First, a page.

Why the DNA of modern digital computing isn't just a distant memory in the pages of computing history.
Rewind the clock to the late 70’s and you may be perturbed to discover, or remember, a time when iPhones did not yet exist, nor iMacs, nor Windows 95, nor the Nintendo Entertainment System, the BBC Micro or even the ZX Spectrum!
Back then digital computers were still in their infancy. Many reading this will be familiar with the ‘Homebrew Computer Club’ - a gathering of computing enthusiasts including the likes of Steve Wozniak who built the first Apple Computer: Apple 1. Or some may recognise the classic ‘Science of Cambridge’ Mk14 - a seminal British microcomputer kit first sold in 1977.
To the uninitiated these machines might now seem archaic or even prehistoric. But they possess something very important: the DNA of modern digital computing.
All digital computers work in the same fundamental way, with basic arithmetic and boolean logic. Downloading a .pdf, watching YouTube, playing ‘Flappy Bird’ - these every day actions all emerge from simple binary operations.
Today’s computers - be it a Raspberry Pi, iMac or Android device - only really differ in the sense that they are miniaturised and highly optimised versions of these early machines. Allowing more data to be processed in one go and at a faster speed. The fundamentals, however, don’t change and that’s important because we should never think of modern computational devices as magical black boxes. They abide by simple and transparent processes, devised by human hands and human ingenuity.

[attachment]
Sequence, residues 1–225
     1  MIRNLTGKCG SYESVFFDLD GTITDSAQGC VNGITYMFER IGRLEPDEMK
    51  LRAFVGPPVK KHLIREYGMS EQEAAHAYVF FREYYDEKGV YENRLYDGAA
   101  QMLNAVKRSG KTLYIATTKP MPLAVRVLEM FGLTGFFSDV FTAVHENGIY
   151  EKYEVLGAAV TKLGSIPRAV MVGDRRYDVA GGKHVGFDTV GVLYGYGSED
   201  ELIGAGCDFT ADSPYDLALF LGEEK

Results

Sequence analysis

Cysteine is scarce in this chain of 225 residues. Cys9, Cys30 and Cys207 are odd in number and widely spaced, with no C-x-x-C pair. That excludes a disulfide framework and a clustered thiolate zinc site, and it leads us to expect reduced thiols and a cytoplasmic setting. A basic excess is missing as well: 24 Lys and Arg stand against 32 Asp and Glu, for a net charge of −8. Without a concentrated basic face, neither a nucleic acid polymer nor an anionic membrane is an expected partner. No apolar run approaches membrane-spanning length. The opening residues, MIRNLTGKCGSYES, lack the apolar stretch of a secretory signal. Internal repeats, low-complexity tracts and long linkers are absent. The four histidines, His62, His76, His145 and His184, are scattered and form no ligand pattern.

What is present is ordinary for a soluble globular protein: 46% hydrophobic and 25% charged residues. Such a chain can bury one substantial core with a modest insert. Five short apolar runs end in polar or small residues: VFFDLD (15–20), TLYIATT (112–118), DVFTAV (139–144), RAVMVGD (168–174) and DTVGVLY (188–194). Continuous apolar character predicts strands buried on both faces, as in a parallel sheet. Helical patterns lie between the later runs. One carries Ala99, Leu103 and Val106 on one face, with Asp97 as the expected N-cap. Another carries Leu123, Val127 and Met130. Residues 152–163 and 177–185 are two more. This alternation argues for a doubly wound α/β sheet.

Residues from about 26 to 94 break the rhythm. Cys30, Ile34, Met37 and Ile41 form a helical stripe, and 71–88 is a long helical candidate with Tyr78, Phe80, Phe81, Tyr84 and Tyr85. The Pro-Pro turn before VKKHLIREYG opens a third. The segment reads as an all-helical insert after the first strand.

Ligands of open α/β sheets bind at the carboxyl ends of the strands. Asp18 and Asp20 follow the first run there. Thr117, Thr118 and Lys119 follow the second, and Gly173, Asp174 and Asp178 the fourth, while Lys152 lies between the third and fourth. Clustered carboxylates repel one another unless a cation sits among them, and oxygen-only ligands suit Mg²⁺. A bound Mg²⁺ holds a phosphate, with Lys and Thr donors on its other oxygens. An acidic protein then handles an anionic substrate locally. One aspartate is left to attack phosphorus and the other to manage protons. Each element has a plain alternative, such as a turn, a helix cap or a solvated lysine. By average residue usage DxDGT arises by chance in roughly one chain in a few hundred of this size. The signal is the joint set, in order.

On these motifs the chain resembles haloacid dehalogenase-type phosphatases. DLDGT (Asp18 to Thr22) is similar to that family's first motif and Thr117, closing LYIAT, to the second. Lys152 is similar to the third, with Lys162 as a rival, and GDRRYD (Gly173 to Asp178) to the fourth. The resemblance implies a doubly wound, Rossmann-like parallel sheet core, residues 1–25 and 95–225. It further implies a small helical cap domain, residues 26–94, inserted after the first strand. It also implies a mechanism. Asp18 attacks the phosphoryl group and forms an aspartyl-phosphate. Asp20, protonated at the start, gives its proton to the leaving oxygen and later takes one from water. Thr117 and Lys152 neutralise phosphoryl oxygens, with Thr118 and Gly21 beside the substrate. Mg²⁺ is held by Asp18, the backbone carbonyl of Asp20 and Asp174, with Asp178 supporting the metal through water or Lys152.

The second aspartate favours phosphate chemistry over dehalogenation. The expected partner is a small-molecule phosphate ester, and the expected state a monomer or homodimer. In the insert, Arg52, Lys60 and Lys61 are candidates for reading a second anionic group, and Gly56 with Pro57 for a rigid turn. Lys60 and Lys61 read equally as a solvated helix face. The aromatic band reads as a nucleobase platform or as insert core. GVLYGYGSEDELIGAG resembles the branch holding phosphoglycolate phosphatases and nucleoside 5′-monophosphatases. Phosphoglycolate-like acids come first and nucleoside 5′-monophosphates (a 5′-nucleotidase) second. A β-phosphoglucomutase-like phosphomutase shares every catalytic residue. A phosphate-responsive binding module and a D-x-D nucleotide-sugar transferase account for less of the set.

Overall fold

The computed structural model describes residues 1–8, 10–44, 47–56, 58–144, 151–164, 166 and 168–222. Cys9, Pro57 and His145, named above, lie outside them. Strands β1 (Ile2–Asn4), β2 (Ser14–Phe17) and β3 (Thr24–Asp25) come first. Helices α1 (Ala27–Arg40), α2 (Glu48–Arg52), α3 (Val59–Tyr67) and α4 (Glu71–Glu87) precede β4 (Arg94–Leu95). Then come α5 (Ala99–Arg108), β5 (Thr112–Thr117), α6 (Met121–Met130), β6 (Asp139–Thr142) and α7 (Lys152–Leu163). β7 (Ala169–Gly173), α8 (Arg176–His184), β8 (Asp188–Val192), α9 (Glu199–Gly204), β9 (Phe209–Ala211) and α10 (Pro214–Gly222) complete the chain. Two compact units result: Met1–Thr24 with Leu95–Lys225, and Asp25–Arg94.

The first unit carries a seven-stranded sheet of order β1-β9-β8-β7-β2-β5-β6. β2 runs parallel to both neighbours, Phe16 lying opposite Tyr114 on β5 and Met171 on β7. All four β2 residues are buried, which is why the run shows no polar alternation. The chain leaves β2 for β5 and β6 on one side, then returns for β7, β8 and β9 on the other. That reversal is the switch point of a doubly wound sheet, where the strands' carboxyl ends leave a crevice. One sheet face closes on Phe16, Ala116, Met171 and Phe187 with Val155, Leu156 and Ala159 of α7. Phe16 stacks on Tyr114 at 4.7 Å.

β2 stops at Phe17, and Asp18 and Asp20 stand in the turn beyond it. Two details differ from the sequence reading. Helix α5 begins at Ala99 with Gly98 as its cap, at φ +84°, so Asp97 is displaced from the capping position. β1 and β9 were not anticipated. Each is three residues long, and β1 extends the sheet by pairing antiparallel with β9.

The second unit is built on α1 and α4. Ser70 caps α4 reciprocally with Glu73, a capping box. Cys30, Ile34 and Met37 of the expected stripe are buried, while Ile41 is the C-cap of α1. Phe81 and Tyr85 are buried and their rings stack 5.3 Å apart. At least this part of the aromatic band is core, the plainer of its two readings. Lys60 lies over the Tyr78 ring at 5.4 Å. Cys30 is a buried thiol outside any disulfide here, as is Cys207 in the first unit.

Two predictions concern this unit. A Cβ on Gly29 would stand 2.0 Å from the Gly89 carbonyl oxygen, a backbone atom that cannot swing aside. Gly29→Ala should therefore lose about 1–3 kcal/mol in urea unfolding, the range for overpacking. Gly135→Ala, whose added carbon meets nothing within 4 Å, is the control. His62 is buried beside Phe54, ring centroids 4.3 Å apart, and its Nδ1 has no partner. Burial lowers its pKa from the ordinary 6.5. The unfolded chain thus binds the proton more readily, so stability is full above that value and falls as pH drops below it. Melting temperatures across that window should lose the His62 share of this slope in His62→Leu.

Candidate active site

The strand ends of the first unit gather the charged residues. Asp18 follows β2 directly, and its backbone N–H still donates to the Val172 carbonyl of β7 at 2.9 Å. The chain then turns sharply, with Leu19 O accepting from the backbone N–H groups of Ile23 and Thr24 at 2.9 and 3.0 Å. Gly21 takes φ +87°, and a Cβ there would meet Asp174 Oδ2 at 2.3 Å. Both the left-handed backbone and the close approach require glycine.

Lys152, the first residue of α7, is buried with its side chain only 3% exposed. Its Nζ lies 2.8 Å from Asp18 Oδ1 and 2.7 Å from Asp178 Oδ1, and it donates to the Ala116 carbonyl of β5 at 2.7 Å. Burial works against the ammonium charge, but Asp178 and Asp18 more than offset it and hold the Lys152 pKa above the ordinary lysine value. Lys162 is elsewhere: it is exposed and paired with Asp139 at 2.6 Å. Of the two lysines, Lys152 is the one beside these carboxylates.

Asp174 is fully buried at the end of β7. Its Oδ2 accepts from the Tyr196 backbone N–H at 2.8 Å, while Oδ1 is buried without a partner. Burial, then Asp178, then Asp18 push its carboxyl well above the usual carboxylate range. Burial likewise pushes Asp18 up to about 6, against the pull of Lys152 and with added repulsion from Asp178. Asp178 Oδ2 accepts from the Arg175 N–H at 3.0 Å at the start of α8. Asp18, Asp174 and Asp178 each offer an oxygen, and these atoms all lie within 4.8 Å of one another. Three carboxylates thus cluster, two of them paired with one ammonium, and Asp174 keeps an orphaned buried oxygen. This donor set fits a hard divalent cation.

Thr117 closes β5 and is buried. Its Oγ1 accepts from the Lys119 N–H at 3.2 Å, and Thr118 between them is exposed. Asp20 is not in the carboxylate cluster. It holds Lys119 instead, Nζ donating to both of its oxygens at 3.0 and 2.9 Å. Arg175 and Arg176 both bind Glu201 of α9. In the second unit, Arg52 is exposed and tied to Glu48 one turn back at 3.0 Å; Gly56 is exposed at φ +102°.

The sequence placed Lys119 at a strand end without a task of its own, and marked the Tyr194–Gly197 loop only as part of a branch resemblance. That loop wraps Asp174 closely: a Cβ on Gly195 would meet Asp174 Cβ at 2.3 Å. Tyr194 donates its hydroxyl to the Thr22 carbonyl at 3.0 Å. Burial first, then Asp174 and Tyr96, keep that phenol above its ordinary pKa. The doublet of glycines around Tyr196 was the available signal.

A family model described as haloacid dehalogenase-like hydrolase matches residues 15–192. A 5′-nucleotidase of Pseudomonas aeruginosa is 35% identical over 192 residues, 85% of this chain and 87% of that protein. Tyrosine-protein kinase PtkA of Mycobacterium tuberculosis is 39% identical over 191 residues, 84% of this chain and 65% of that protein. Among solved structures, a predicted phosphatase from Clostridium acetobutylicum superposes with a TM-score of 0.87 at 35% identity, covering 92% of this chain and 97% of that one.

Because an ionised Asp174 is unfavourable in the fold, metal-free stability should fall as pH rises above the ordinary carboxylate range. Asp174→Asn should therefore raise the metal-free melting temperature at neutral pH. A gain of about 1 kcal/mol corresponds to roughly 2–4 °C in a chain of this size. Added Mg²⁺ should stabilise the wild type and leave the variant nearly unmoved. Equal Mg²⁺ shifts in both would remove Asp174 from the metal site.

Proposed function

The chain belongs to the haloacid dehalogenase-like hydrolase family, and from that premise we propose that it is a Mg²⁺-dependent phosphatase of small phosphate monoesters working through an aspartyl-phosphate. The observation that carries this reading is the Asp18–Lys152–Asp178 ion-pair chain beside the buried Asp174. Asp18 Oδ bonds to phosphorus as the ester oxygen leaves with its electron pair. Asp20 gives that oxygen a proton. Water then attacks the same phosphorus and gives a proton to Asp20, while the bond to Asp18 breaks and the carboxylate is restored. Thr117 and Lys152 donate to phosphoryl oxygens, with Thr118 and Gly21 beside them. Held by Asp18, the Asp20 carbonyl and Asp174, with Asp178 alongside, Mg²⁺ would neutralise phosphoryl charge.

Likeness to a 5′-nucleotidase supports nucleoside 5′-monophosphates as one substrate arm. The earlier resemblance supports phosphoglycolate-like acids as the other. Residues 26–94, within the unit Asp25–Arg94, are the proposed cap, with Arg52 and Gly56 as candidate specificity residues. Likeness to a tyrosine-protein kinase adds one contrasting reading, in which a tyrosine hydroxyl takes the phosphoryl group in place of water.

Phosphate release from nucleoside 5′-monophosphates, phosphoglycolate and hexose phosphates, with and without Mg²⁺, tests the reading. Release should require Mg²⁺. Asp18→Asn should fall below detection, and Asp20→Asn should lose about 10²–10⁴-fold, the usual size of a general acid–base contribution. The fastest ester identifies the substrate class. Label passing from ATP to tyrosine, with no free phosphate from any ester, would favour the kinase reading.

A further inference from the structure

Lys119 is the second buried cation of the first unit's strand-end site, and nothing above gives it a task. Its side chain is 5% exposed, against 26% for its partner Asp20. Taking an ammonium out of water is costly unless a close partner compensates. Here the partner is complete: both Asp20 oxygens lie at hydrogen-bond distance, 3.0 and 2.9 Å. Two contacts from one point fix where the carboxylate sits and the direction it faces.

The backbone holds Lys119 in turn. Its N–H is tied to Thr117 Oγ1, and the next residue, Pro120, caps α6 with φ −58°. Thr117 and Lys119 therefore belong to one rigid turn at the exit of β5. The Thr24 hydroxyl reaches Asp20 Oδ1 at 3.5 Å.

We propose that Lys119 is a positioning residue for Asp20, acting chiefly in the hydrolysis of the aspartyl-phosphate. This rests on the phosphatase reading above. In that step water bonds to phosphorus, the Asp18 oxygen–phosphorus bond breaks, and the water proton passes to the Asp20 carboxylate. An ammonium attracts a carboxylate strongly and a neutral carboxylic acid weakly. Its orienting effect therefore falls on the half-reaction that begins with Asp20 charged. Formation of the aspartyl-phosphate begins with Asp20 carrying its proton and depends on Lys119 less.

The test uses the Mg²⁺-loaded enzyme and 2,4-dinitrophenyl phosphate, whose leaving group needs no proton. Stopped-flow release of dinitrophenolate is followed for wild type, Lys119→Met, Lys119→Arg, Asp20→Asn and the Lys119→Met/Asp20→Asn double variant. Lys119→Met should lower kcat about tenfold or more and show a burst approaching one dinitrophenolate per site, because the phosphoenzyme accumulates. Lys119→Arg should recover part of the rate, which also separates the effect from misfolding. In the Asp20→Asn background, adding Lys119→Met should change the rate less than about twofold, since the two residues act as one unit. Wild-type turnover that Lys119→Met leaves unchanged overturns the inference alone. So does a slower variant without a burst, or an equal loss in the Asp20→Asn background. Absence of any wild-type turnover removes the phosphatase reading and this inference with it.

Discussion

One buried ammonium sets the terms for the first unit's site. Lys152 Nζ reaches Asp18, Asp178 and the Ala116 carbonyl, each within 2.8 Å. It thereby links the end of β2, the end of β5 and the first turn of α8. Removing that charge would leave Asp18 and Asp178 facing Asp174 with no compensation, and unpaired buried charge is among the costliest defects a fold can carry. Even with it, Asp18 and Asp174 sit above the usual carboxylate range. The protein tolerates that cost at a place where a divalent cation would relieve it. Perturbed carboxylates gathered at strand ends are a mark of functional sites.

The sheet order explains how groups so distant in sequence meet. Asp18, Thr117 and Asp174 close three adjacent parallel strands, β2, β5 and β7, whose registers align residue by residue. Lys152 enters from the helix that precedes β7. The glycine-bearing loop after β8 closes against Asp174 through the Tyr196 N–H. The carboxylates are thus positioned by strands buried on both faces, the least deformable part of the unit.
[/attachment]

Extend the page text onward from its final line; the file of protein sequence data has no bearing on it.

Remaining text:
And whilst these sentiments may have been forgotten since the early days of the silicon revolution, it hasn’t been completely lost. Instead the recent convergence of accessible components, the rediscovery of hobby electronics and the reduction in barriers to PCB fabrication are enabling anybody to rediscover the joy and logic behind computational hardware. In fact, a humble homebrew computing revival is already underway!
A great example of this is the work of YouTuber Ben Eater. He has built a programmable 8-bit computer from scratch, inspired by a classic 1977 book by Paul Malvino: ‘Digital Computer Electronics’. The whole project has been documented in a series of YouTube videos. They are a fantastic introduction to computational hardware and digital electronics!
(Consequently, 'Digital Computer Electronics' is also an inspiration for the ARITH-MATIC project. It is a book I own and is a key go-to reference at ARITH-MATIC HQ. I would recommend you buy it – but it’s very difficult to get hold of a copy at a sensible price!)
Another example of the build-it-yourself mentality is from the hackaday.io community. From TTL homebrew CPUs, to logic gate dissections, to retro calculator reconstructions, the world of homebrew computing is very much alive and kicking!
The projects at hackaday.io are diverse, not only in the sense of the technology used or the sentimentality some may evoke, but also in the purpose behind their construction. Sometimes doing things ‘just because’ is the very best reason to get making.
Both these channels, along with the archaic beauty of the retro computing era, have been a great source of inspiration in the development of the ARITH-MATIC project and a long-standing aim has been to harness that pioneering spirit in the S1-AU Mk1.
And in doing so, the mission of the ARITH-MATIC project is not only to enable keen enthusiasts to revive a seminal period of the digital computer revolution, but also to inspire an entirely new audience to pick up a soldering iron and discover what computers are really made of.
Note by: Richard.
Founder of ARITH-MATIC.
To find out more about the S1-AU Mk1 please visit our DIY Electronic Kits page.